emelie-photo-planacy Emelie Svensson
Planning Specialist

If you work with traditional budgeting at a growing company where the planning processes are becoming increasingly complex, you’ve probably noticed quite a few flaws. Before I started at Planacy, I worked as a controller at several different companies and as per tradition we always worked with Excel and made a couple of budget and forecast updates per year. Even though the budget is necessary to get a clear image of the business’s future, it was perceived by both me and the rest of my colleagues as rigid, slow and incredibly time-consuming – but it doesn’t have to be.

It’s very common for the budget to be perceived in this way and that’s why the need for a more updated and continuous forecast continues to increase. In this article, I have summarized 10 simple key factors for how you can get a more value-creating and continuous planning process!

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1. Involve the Organization and Communicate Clearly

All employees with insights in the business should be involved with the budget and forecast to create an engaging process with a high level of accountability. As you know, the financial budget and forecast affect all parts and aspects of the business. Therefore, transparency and continuous communication with everyone involved is of utmost importance throughout the process. Both strategic and short-term objectives should be made visible.

2. Work Driver-based

Another important part of increasing engagement is to work data-driven with concepts, KPIs and dimensions that everyone in the business is familiar with. In this way, it becomes clear to everyone what drives revenue and expenses and what impact it has on the business's results. Also, the quality of the input and ownership of the forecast increases when looking at key figures instead of accounts in the income statement. Therefore, it’s important to invest time into identifying your key budget drivers and make input on that level.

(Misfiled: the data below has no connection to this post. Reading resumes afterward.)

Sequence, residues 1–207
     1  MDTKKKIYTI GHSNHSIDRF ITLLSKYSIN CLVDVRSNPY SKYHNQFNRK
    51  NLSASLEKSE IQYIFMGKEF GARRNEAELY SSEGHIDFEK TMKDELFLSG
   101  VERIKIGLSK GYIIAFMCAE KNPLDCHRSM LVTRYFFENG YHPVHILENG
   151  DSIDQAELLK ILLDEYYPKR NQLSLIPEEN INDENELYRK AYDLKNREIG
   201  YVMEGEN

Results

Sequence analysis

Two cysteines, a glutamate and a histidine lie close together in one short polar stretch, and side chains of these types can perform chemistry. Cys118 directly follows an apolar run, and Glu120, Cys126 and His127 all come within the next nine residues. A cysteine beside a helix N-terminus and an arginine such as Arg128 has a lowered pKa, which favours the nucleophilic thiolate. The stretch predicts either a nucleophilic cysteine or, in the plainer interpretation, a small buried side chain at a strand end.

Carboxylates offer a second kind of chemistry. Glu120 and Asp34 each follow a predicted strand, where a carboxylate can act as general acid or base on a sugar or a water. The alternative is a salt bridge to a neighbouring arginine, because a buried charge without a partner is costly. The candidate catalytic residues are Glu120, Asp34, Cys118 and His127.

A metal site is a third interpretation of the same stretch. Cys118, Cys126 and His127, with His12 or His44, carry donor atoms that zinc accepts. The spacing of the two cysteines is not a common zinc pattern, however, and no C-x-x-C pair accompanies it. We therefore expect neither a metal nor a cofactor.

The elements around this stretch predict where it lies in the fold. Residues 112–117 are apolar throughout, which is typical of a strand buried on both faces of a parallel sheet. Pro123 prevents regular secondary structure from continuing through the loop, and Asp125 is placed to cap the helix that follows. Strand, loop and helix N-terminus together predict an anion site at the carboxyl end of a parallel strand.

3. Create Clear Frameworks and Goals

As is well known, the purpose of forecasts is to predict the financial future of the business. Well-executed and reliable forecasts with clear frameworks and goals will not only help you make better business decisions, but also help you understand the impact of the decision. With a consistent driver-based process you also increase employees understanding of the business which allows them avoid guesswork and hypothetical assumptions.

If, on the other hand, there is a lack of clarity regarding what’s important, your ability to get a qualitative view of your financial future will falter. Then you’re more likely to get a budget and forecast of a political nature i.e., a budget that the business fulfils and then surpasses.

4. Drop Your Focus on Calendar Years

Dare to drop your focus on calendar years. Even if the board demands a budget, this doesn’t stop you from always looking 12, 15 or 18 months ahead, or even better – creating a rolling forecast with dynamic length. In this way, you always get a continuously updated view of the future. You’ll reduce the work effort required for each forecast or budget.

Read more about opportunities (and problems) with rolling forecast

5. The Budget Doesn’t Have All of the Answers

Strictly treating the budget as the correct outcome that the reality must live up to is not only inhibiting for the business, but directly counterproductive if you strive to be as successful as possible. The world around us is changing faster and faster which places high demands on businesses to be flexible and to be able to act quickly based on as current and correct data as possible.

Many companies are taking this all the way and implementing a continuous and dynamic planning process and goal management based on the Beyond Budgeting concept.

Read more about Beyond Budgeting – Continuous and dynamic targeting

6. Work with Multiple Scenarios